The #6 Virginia Cavaliers head to College Park tonight to take on the now 21st-ranked Maryland Terrapins. The Hoos are looking to avenge last year's defeat on the road and also try to salvage the ACC-Big Ten Challenge, which the ACC currently trails 6-2. The game tips off at 9:15 PM and will be televised by ESPN2.
Maryland is off to a nice start this season, matching UVA's 7-0 record. Those 7 wins could be split into two categories. Five of them were at home against teams ranked 200th or worse by KenPom. Winning those five games is not news, though their margins of victory were strong (five games by more than 15 points, one closer game against Monmouth immediately after Dez Wells's injury - more on that below). The other 2 were nice neutral court victories against Arizona State and KenPom #32 Iowa State in the CBE Hall of Fame Classic.
The Terps are a very different team than the one that split with UVA last season. First of all, lots of Terps left College Park (as most who enter College Park desire to do). Charles Mitchell, Nick Faust, Roddy Peters, Shaquille Cleare, and, most notably, Seth Allen all transferred toward greener pastures (except for Seth Allen, who is now at Virginia Tech). Additionally, Dez Wells broke his wrist and will miss the game, as well as the rest of December, and Evan Smotrycz is out with an ankle injury.
This is a big deal. When the Terps took down the Hoos on that March afternoon at the Comcast Center, the aforementioned 7 players combined to score 65 of the teams's 75 points (!), and 4 were in the starting lineup. Dez Wells in particular killed us, scoring an efficient 18 points on 5-7 shooting, while Allen added 20 more points.
Even without Wells, Maryland is a dangerous squad, particularly at home. The player UVA be watching out for most is freshman guard Melo Trimble. Trimble has started his college career with an 126 ORtg using 24% of possessions (that's very good), making 56% of his 2s and 48% of his 3s and getting to the free-throw line at a steady clip (.86 FTA/FGA).
The good news is that Trimble has never played against a defense remotely like Virginia's. Still, the basket will still be 10 feet off the ground and the rim 18 inches in diameter. UVA has to force him to take contested shots and frustrate him into turnovers, an area in which he's struggled. He coughed the ball up 6 times in Maryland's last matchup with fast-paced VMI, and turns it over on 24% of possessions he uses this season.
Senior Richaud Pack has seen an increased responsibility after Wells's injury. After a quiet start in which he made 6 of his 15 two-point shots, he scored 22 points on 10-13 from inside the arc against VMI. UVA fans will notice a familiar face in Jake Layman, who has shown a propensity to shoot and score from anywhere on the court (50% of his shots this year are at the rim, and 32% from behind the arc). He's the only player who scored in last March's matchup who will play tonight for UMD. We also won't be able to miss 7' 1" freshman Michal Cekovsky, who basically plays like a giant tree around the basket.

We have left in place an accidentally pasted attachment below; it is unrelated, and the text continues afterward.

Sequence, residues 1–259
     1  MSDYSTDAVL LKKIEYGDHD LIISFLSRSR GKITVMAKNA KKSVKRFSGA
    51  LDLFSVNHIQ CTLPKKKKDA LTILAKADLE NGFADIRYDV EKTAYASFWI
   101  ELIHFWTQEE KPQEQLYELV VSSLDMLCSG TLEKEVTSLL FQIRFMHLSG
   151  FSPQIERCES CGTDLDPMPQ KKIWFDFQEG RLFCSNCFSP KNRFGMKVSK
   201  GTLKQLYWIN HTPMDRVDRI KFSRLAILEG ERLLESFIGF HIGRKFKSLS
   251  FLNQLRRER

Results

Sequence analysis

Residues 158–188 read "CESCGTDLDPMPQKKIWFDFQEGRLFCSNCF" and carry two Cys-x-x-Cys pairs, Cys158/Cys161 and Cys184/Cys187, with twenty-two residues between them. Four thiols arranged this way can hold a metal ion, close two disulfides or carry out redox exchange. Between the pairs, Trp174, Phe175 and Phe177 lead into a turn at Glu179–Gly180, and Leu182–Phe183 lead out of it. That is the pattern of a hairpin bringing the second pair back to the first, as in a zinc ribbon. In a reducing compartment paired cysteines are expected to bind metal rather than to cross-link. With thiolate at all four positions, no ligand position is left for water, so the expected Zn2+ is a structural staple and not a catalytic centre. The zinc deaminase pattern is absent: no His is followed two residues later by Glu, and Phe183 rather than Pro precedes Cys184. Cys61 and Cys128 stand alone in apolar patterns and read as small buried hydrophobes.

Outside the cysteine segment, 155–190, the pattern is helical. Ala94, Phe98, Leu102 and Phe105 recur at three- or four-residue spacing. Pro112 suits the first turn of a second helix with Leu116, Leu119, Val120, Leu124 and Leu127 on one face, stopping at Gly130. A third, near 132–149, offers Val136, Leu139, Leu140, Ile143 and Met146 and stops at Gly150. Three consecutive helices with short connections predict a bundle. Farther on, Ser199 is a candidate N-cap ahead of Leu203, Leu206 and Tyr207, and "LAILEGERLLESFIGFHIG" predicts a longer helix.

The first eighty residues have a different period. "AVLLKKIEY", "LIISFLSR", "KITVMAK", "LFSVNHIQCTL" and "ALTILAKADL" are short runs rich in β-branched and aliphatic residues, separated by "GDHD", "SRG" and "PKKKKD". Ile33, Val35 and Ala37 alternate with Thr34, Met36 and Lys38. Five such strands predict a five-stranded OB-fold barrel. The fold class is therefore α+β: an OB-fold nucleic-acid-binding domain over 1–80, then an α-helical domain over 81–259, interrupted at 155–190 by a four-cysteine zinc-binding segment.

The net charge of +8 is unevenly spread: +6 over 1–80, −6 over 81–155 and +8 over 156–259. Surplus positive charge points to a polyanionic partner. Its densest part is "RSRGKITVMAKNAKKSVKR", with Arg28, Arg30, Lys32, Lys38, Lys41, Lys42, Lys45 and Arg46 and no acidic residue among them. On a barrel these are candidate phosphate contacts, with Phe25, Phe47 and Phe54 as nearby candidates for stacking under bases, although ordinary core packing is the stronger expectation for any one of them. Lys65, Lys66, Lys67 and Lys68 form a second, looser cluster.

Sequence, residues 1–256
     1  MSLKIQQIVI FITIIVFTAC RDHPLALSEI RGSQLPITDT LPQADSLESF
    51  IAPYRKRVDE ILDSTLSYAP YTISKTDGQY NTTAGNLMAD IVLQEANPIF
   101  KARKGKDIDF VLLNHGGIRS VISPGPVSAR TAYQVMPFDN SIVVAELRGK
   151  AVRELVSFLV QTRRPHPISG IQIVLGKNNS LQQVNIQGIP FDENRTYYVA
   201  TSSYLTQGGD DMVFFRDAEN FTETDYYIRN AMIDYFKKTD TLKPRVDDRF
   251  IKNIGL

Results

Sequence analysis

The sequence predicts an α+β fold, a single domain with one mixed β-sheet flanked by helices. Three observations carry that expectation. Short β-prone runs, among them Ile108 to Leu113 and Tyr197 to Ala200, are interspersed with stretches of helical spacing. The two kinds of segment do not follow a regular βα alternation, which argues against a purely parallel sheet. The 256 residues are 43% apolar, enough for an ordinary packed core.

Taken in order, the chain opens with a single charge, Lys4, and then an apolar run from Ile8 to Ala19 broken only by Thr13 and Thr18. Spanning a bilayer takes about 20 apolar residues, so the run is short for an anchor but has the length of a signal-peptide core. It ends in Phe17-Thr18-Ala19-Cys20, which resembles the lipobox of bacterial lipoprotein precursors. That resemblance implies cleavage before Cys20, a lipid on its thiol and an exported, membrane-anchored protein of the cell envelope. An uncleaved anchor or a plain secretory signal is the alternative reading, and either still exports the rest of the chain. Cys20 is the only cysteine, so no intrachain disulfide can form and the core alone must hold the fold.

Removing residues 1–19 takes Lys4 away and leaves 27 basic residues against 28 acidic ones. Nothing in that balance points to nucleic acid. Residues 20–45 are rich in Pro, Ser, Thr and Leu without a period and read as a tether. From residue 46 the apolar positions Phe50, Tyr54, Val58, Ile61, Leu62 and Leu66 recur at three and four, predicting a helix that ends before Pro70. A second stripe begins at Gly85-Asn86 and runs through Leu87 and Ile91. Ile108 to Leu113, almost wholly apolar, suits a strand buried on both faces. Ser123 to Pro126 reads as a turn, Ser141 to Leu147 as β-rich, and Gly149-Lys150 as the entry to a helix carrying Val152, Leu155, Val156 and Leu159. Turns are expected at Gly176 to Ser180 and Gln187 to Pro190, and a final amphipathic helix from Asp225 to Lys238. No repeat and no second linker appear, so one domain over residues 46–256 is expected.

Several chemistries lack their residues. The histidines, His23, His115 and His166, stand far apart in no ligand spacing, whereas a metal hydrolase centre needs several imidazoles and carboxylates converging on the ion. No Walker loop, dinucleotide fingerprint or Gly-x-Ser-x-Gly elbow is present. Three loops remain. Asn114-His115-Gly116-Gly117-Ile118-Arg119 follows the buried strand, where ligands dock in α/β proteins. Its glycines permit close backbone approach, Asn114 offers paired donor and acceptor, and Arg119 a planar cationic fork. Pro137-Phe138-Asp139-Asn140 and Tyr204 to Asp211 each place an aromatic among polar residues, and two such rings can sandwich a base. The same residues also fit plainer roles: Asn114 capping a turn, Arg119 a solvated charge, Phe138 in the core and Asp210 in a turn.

Keys for UVA:
1) Limit Melo Trimble. With Wells out, he's the only Maryland player that could really do damage on his own against the packline. Virginia had success stopping opponent's main threats last year (TJ Warren, Marcus Paige, etc.), and must do the same thing here: stay in front of him, while also not allowing him space to shoot the 3, and force turnovers. Easier said than done.
Trimble isn't Maryland's only weapon. They are a balanced team. But he has the most potential to do serious damage.
2) Score points. Okay, that's generally the goal of basketball, but the Hoos didn't act like it at the Barclay's Classic in Brooklyn. The main offensive issue on Saturday vs. Rutgers was the inability to make three-pointers, where the team was 2 of 16. This was an early season strength, but Malcolm Brogdon and London Perrantes have been in serious shooting slumps, with Brogdon at 21% on the season. Additionally, the team got a bit shell-shocked after a few early blocks, and stopped trying to get to the rim; UVA has a glaring weakness at getting to the FT line (272nd in the nation), that it must improve on.
Justin Anderson, who has been outstanding this year, will likely be a man on a mission, as he tends to be in College Park. Hopefully, he harnesses that power for good rather than evil (taking long 2s, for example).
Virginia's defense has been steady all season. If we do lose the game, I can't see a scenario where we aren't blaming shooting woes.
3) Dominate the Boards. Maryland has struggled on the defensive glass (allowing a 33% DReb%, 208th), while UVA has been excellent on offense (41% OReb%, 13th). Having a chance for second chance points is a really good way to succeed in "Key #2," which was to score points. The Hoos have been similarly strong in defensive rebounding, and must continue to win that battle.
Vegas now has Virginia as 5 point favorites, while KenPom (which doesn't know about Maryland's injury problems), has a 58-56 UVA win and 60% win probability.
If Maryland is at full strength, I'd be pretty nervous for this one. And I still am, but feel way more confident about locking the Terps down defensively. The game goes back and forth for the first 30 minutes before the Hoos pull away late. Virginia wins 60-51.